State Views: We must do more to protect student athletes in Wisconsin

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Sen. Tim Cullen & Rep. Debra Kolste
Friday, June 6, 2014

Earlier this year, President Obama made headlines when he said that if he had a son, he would not let him play football. The president was discussing the risks of head injuries inherent in the game.

Green Bay Packers great Brett Favre joined the conversation recently, also saying that if he had a son, he would not let him play football. New Orleans Saints legend Archie Manning said he kept his Super Bowl champion sons, Peyton and Eli, out of contact football in their younger years.

The issue of head injuries and concussions has garnered a lot of attention in recent years. In 2013, the NFL agreed to a $760 million settlement with more than 4,000 former players who contended that the NFL knew about the dangers of football-related head injuries without taking any action to address the issue.

But the dangers of head injuries begin long before collegiate or professional sports. The more we learn about this subject, the more convinced we are that we must do more to address the safety of Wisconsin's student athletes.

We have become increasingly concerned about concussions suffered by athletes, especially younger sports participants in our schools. Experts are in the early stages of studying the issue with the goal of ensuring that adequate measures are in place to not only help prevent concussions and other head injuries, but to also ensure that student athletes are properly diagnosed and treated in the event they suffer concussions. The first step in dealing with concussions is to understand what they are. Here are some common symptoms:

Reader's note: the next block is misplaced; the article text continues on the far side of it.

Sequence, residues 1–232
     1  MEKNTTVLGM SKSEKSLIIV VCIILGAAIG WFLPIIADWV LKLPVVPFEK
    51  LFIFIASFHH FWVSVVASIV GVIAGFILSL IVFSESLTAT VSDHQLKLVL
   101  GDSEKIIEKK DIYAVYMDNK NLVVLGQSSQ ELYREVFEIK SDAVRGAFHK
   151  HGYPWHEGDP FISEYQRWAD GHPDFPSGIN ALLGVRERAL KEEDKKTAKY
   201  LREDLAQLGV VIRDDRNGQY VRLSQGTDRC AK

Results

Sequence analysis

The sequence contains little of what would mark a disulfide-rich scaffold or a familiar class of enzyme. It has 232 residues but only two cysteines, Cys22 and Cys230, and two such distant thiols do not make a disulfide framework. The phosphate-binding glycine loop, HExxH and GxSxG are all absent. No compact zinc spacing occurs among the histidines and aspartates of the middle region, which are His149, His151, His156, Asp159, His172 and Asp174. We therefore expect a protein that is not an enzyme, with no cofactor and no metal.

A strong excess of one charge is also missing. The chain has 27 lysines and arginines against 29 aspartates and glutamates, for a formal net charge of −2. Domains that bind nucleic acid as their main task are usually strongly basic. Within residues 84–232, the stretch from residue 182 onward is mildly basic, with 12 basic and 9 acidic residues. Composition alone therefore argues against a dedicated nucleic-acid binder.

-- Appearing dazed or stunned.

-- Confusion.

-- Repeating questions.

-- Headache or head “pressure.”

-- Blurry or double vision.

A concussion is a type of brain injury. Even a seemingly minor bump can cause a concussion. Contact at other parts of the body can cause a concussion if it results in the head moving rapidly back and forth.

Many school districts are working proactively to address the growing concern over head injuries by implementing a concussion plan that includes protection, recognition, referral and treatment. Student athletes, parents and coaches have all been made aware of the seriousness of concussions and what to do in case symptoms are evident. Along with Sen. Bob Jauch, we recently met with University of Wisconsin Medical School Dean Robert Golden to discuss current practices regarding concussions and what can be done to further protect student athletes. Our work is just beginning, and our hope is to eventually put in place any needed safeguards beyond current regulations and policies in our school districts.

Andrew Sweat was signed by the Cleveland Browns for what appeared to be a multimillion-dollar career in the NFL. He was considered a bruising tackler at Ohio State, but his career had been marred by multiple concussions.

In the end, Sweat turned down the NFL offer. Here is his tweet announcing his decision:

“Concussion symptoms—didn't want to risk it. Thanks to the Browns for the opportunity. Health trumps football any day.”

Well said.

Sen. Tim Cullen, D-Janesville, serves the 15th Senate District, which includes most of Rock County and Whitewater, as well as parts of Jefferson, Green, and Dane counties. Email Sen.Cullen@legis.Wisconsin.gov; phone 608-266-2253. Rep. Debra Kolste, D-Janesville, serves the 44th Assembly District, which includes most of the city of Janesville. Email Rep.Kolste@legis.Wisconsin.gov; phone 888-947-0044.

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